Employee Benefits News examines legal developments that impact the employee benefits and executive compensation employers provide, including federal and state legislation, rules from federal...
The Labor Department’s employee benefits agency continued to shed workers during the final quarter of 2017, reaching the lowest recorded staffing levels since 2001.
The Employee Benefits Security Administration employed 869 people in late 2017, down about 17 percent from its Obama-era peak of 1,043 workers in September 2012. The agency lost employees in each of the past five quarters, according to data published by the Office of Personnel Management and obtained from the EBSA through the Freedom of Information Act.
The EBSA’s workforce hasn’t been this small at any recorded point since September 2001, when it employed 855 people. The drop is particularly significant among mid-level employees designated between grades GS-7 and GS-11 on the federal government’s pay scale. The agency’s roster of mid-level workers declined by 179—more than 70 percent—since September 2012, according to a Bloomberg Law analysis.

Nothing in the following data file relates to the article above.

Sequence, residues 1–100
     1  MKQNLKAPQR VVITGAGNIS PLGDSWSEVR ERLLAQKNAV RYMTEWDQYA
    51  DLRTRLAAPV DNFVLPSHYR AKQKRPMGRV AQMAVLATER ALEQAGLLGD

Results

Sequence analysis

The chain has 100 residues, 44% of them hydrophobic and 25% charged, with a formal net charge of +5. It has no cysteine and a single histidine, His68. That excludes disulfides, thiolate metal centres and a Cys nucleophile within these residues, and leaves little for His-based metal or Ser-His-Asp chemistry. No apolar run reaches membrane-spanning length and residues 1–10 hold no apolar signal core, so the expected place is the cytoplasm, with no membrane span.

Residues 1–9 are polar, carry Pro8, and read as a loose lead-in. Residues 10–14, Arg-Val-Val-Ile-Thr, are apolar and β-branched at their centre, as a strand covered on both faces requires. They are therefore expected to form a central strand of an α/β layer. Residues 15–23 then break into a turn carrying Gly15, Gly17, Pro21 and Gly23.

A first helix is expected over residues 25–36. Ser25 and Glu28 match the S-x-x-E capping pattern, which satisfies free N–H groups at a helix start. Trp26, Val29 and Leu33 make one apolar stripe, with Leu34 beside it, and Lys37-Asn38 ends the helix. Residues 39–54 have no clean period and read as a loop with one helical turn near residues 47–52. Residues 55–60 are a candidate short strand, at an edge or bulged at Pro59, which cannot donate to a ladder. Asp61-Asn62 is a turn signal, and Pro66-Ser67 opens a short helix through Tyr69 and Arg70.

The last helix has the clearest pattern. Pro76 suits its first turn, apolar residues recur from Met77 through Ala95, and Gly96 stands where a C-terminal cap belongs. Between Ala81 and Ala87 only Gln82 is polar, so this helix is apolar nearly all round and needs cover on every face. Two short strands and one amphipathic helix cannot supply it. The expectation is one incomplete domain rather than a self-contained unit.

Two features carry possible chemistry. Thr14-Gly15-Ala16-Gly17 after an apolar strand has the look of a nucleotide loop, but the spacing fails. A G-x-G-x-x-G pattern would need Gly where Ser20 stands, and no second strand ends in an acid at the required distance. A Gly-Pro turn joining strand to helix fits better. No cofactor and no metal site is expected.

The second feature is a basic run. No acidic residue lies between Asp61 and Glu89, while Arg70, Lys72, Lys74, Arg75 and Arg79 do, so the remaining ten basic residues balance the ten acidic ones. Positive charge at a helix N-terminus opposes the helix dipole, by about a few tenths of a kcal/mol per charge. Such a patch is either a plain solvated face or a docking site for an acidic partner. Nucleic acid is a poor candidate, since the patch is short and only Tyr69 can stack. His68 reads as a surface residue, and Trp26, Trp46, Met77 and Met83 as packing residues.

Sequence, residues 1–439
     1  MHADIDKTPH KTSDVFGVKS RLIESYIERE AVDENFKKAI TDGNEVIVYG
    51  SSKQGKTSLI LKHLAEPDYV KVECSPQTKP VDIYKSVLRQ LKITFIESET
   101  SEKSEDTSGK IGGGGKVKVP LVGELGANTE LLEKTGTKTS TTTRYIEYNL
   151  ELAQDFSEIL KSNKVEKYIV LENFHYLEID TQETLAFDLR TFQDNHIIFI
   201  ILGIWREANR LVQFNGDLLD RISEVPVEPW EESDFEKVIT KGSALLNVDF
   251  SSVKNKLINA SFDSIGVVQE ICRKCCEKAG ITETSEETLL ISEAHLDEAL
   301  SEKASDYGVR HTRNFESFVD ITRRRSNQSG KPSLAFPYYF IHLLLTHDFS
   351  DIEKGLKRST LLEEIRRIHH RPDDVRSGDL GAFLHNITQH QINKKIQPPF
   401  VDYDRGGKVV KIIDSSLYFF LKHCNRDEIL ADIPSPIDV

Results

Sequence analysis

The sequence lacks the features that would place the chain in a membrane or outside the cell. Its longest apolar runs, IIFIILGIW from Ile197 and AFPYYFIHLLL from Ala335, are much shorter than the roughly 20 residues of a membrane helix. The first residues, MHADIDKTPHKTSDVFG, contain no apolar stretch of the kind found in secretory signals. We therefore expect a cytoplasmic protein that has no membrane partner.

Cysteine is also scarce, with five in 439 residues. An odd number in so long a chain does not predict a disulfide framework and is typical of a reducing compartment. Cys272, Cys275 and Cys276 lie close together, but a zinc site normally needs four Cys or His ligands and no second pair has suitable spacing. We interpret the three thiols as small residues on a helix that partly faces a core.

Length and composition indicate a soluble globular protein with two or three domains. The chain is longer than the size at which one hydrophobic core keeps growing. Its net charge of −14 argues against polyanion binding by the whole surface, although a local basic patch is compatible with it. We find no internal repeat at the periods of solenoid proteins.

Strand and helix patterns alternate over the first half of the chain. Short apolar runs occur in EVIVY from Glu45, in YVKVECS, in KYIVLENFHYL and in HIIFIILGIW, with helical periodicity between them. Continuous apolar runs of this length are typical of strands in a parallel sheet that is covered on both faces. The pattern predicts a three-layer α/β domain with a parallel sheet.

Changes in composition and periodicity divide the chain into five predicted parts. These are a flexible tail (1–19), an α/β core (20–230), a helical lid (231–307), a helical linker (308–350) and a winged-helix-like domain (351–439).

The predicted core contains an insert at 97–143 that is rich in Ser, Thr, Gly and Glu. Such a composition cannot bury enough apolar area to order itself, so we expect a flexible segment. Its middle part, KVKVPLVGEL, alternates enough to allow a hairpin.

A drop in staffing levels, particularly among the EBSA investigators who probe benefit plans for potential wrongdoing, could cause the agency to scale back its investigative activities, George Sepsakos, a principal at Groom Law Group in Washington who previously worked for the agency, told Bloomberg Law. Reduced staff also could cause the average investigation to take longer, he said.
Moreover, a shrinking workforce could cause the agency to be “a little more judicious” in deciding which cases to pursue, Sepsakos said. Cases that require significant resources relative to their impact, such as those involving employee stock ownership plans, may become a lower priority if the agency has fewer employees to handle its workload, he said.
However, the agency didn’t report a similar drop in the amount of money recovered through enforcement efforts or the number of investigations opened following informal complaints. The monetary recoveries reported by the EBSA grew from $696 million in 2015 to $1.1 billion in 2017, and the number of investigations opened held relatively steady during this period, ranging between 589 and 662 per year.
The DOL didn’t respond to requests for comment on this article.
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